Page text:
NATIONAL HARBOR, Md. -- The newly agreed upon Major League Baseball collective bargaining agreement features higher taxes and additional penalties for exceeding the competitive balance threshold -- and don't think the Red Sox haven't noticed.

The Red Sox went over the threshold in both 2015 and 2016, and should they do so again in 2017, they would face their highest tax rate yet at 50 percent. Additionally, there are provisions that could cost a team in such a situation to forfeit draft picks as well as a reduced pool of money to sign its picks.

None of which means that the Red Sox won't definitively stay under the $195 million threshold for the upcoming season. At the same time, however, it remains a consideration, acknowledged Red Sox president of baseball operations Dave Dombrowski.

"You would always like to be under the CBT (competitive balance tax) if you could,'' offered Dombrowski. "And the reason why is that are penalties attached for going over, so nobody likes to (pay) penalties.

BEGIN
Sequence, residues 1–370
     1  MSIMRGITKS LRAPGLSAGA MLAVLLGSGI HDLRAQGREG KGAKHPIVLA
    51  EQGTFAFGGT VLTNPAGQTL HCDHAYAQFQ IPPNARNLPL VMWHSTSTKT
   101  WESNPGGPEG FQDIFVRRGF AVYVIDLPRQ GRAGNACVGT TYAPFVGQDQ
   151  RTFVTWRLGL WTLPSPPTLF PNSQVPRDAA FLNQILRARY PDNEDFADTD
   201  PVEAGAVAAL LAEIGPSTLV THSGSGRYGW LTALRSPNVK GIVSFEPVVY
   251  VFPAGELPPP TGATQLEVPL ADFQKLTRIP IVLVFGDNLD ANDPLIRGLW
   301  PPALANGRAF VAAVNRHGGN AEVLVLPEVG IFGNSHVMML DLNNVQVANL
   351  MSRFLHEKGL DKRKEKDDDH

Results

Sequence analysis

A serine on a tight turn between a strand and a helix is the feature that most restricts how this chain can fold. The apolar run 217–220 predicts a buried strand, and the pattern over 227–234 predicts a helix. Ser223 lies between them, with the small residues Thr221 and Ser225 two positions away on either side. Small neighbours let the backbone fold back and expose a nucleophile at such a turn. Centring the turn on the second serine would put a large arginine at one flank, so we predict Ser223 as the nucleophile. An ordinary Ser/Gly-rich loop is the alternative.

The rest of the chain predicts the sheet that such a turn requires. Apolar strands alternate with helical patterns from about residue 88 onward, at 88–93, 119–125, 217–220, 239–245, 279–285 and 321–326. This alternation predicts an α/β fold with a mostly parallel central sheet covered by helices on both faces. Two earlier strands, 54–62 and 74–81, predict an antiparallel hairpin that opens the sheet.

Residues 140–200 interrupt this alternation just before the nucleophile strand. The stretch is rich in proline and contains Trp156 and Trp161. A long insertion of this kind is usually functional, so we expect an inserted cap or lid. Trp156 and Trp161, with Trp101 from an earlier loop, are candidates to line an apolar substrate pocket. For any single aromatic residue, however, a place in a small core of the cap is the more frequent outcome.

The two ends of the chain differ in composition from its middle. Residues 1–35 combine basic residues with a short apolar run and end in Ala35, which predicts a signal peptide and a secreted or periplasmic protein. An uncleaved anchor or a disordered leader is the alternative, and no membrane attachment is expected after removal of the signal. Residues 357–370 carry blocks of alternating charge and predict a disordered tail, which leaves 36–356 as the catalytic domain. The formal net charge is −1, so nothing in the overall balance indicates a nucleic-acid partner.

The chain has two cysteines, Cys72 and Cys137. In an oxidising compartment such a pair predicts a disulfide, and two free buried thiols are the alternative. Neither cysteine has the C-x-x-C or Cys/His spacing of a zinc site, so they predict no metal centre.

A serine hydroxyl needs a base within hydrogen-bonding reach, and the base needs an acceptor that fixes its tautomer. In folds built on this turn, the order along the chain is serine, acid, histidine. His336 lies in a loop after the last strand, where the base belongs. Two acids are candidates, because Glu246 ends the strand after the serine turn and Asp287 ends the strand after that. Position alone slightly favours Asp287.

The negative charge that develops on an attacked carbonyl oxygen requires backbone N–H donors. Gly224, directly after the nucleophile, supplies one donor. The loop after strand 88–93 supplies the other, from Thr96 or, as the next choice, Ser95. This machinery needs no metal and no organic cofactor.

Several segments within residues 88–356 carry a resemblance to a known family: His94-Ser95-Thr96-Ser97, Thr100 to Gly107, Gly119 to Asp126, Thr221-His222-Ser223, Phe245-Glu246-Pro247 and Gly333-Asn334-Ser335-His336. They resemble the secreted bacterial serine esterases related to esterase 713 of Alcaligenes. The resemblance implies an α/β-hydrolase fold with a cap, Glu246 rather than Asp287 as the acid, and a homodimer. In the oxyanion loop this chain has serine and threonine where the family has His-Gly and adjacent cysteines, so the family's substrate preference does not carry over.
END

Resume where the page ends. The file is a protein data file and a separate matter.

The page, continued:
"However, the Red Sox, if you follow history, have been up-and-down, right around that number. We were over it last year and the year before that. So I would prefer (to be under in 2017). However, a little bit more driving force in that regard is that there are stricter penalties now attached to going over. And some of them involve, for the first time, differences in draft choices and sacrificing money to sign players and that type of thing. So there's a little bit more drive (to stay under).

"But I can't tell you where we're going to end up. Eventually, does it factor (in)? Yeah. But until we really get into the winter time and see where we are, will I make an unequivocal (statement about staying under the CBT)? Maybe we won't. But there are penalties that I would rather not be in position to incur.''